Little Hayley Mills is a trendsetter. I used to rock that mop style haircut in the 70’s and here she is parading around the streets of Cardiff in 1959! I must of been so outta fashion. I guess I have my Mum to blame for that? Stick a bowl on my head and cut around it.
It’s quite the testament to her young talents that a twelve year Hayley Mills really carries this film in her debut major film role. She plays the tomboy little rascal Gillie Evans. A headstrong almost street urchin, who has a flair for telling porky pies, lies. She’s a machine, each and every time she’s cornered, her knack for quick fire on the spot stories is second to none. Soon she will meet a young Polish sailor and become embroiled in a manhunt police investigation.
The happy smiling, all chiseled cheeked Polish merchant seaman Bronislav Korchinsky (Horst Buchholz) has just arrived back in Cardiff. He’s been at sea for many months and he’s eager to see his sweet love, Anya (Yvonne Mitchell). She wasn’t at the docks to meet him! He’d surprise her back that their flat. The surprise is on him, well and a stranger. My eyes nearly popped out as the “intruder” is caught in her curvaceous super tight black undies. This gorgeous woman named Christine (Shari) is living in his apartment? It’s not long before it’s revealed his Anya has moved out. Bronislav is at his wits end. Where has she gone? He’s been sending his merchant wages to her to pay for the rent. What could of happened? I’d be happy to just move in with Christine, if she’d have this here hairy wolf?
Our Polish sailor does some fine detective work, discovering Anya had been evicted and now shacked up in a new apartment a few blocks away. With a chance encounter with a sausage dropping cowboy wannabe, Bronislav bumps into Gillie who lives in the same block of flats. Ever the nosy inquisitive young girl our Gillie can’t help herself listening to conversations and spying through letterboxes. To her shock, this leads to more than she could imagine but she does receive the perfect cowboy accessory for her troubles.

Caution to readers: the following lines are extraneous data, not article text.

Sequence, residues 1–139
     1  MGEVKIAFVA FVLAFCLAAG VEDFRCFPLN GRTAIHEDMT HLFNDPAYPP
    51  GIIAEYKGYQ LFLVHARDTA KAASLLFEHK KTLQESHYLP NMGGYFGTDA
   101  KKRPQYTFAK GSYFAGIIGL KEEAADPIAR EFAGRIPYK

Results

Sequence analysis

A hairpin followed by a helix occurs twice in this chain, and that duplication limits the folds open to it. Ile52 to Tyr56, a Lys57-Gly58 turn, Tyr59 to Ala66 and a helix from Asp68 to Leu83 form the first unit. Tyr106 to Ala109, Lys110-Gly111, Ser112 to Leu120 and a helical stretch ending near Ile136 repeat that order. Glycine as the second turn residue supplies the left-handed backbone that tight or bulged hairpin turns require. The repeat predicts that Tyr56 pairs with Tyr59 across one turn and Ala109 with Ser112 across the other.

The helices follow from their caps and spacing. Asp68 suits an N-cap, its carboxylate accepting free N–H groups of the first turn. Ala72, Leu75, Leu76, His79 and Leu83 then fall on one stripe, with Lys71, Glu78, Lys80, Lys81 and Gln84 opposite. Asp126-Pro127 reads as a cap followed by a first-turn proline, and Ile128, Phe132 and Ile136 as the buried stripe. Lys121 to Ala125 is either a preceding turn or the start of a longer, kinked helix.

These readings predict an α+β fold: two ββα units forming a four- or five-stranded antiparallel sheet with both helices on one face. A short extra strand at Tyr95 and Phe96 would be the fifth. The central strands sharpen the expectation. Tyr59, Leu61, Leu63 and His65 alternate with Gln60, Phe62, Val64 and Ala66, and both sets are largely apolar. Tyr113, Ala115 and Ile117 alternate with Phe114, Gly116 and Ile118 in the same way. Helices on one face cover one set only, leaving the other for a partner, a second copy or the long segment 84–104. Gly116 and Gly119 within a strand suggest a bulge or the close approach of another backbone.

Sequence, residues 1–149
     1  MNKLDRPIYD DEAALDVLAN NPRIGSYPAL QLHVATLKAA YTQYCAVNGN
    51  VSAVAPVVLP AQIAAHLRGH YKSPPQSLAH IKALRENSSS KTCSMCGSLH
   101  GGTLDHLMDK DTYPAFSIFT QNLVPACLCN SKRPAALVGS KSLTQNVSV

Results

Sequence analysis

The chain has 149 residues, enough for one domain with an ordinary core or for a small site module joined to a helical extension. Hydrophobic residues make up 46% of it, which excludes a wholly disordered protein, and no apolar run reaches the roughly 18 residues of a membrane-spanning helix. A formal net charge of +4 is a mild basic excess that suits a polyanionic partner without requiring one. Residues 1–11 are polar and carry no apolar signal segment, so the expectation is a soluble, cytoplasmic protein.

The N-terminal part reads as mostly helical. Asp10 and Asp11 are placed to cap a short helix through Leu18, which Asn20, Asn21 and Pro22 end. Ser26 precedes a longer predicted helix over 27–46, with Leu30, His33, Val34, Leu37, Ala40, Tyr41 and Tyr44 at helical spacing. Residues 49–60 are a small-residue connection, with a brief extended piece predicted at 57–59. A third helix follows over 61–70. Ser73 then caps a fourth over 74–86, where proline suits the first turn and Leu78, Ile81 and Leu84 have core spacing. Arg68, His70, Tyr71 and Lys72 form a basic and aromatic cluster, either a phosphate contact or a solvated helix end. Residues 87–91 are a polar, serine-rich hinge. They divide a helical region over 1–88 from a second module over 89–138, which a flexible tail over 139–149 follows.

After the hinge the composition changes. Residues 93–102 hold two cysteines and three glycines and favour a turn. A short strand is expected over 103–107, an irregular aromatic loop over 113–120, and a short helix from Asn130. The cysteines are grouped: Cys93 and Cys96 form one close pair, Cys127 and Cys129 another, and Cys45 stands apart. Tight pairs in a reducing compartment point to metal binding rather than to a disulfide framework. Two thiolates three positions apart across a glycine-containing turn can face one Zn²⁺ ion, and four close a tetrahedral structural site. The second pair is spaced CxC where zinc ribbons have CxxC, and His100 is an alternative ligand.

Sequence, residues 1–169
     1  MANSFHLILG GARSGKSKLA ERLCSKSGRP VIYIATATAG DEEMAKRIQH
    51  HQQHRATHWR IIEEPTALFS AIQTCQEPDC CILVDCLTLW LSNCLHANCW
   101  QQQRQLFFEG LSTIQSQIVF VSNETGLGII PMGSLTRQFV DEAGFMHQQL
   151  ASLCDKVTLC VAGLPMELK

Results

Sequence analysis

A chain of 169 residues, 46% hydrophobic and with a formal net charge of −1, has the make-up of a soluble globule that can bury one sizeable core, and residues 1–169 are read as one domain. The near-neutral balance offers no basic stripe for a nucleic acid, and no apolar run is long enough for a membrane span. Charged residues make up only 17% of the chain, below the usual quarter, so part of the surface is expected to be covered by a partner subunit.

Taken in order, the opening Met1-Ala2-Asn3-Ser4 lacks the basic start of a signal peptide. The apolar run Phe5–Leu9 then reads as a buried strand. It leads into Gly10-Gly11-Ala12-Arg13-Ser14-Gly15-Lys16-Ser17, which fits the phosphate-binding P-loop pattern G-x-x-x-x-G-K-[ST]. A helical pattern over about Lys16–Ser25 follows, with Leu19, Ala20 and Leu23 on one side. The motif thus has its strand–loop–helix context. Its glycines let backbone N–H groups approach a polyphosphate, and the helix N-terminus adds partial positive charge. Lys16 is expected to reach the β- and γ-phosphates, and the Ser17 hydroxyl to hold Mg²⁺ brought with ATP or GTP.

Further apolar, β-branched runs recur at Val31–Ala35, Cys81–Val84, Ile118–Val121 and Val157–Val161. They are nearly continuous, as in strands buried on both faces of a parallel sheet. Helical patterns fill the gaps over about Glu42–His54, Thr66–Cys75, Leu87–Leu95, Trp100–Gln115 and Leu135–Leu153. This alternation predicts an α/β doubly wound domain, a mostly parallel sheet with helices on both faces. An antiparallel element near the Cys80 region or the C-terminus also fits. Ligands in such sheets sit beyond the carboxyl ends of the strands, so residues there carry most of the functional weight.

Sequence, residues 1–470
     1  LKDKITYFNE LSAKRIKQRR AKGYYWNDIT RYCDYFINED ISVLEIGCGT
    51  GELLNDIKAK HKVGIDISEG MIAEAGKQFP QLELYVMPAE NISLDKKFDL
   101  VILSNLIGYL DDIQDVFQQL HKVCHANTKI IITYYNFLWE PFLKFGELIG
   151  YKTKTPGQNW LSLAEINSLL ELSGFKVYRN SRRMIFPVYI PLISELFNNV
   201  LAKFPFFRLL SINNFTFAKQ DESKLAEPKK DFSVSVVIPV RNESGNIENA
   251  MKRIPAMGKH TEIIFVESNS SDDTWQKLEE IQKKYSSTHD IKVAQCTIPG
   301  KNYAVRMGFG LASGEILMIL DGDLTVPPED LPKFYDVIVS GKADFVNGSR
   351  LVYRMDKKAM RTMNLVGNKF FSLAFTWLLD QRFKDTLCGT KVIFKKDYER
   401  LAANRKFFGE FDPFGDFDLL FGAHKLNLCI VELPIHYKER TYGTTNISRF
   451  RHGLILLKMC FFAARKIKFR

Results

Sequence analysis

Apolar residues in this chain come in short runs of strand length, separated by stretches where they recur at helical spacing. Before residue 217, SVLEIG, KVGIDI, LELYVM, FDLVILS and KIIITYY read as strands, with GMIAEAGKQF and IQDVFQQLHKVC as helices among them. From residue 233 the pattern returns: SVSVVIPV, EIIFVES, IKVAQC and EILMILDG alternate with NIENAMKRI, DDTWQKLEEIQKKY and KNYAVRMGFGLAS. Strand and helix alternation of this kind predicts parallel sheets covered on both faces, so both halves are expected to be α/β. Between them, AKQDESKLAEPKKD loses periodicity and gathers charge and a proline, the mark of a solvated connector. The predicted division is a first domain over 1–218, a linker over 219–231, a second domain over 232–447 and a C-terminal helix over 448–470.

Tagline – A Spellbinder that beats with the pounding suspense of Manhunt!
With the turn of events leading to a police investigation lead by Superintendent Graham (John Mills). Gillie’s gone rogue, disappearing and Bronislav desperately needs to get back on a merchant ship. Can Superintendent Graham decipher all the pieces of this strange mystery? And if he ever gets to chat to Gillie? Will he get any sense or truth out of her? What did she see? You’ll need to tune into this first-rate realistic British drama to find out.
A few things.
- Director J. Lee Thompson would go on to make that tense thriller Cape Fear with Gregory Peck and Robert Mitchum a few years later. Also the classic war movies Ice Cold In Alex and The Guns of Navarone. He would later finish up the last two 70’s editions of the Planet Of The Apes series before moving on to team up with that action man Charles Bronson, with St Ives, The White Buffalo and 10 To Midnight along with at least five others.
- As soon as I saw it I had to know about the “bridge”. The moving tiny stretch of road with a house on it! The crazy thing is still running today. Here’s a wonderful little two minute report on it. The Newport Transporter Bridge.
- Dame Shirley Bassey the lady with the golden lungs on many a James Bond film is a famous native resident of Cardiff’s Tiger Bay area.
- Tiger Bay is on Youtube at time of writing to stream here.
- Yes I looked but to the best of my knowledge this was Shari’s only credited acting role and I can’t find any other information about her. Who ever did the film poster stuck her as the main event even if she’s not really in the film that much. So here’s another photo.
Tiger Bay starts as a love story but soon turns into a crime drama. Like I say above it’s incredible to see such a young Hayley Mills carry this film. She really is the centerpiece of this story. Even with scenes acting alongside her Dad she still keeps up a fantastic performance and you can see why she followed in her pops great acting footsteps.
One thing that shone out on this wonderful film is the way it portrayed this Welsh city. It’s wasn’t afraid to the show a more beautiful look at the melting pot of people from all over world who made up this area of Cardiff.
The large African Caribbean community alongside the vast amount of Polish and other worldwide immigrants, all living together in this rundown poorer part of the city. Black and white families all living side by side. Children of all races, whizzing down slides, back and forth on swings and spinning around on roundabouts. Whilst pre-teens chase each other blasting cap guns and playing tag. There is no judgement or prejudice shown through this film and it’s very refreshing to see.
If you haven’t seen it, I very much recommended you give it a go or if you have seen it, I’m sure you want to let me know what you thought.
I’ve been off the reservation recently due to family stuff but hope to be back in the flow of it properly soon. Keep watching the squares. All the best.. Mikey Wolf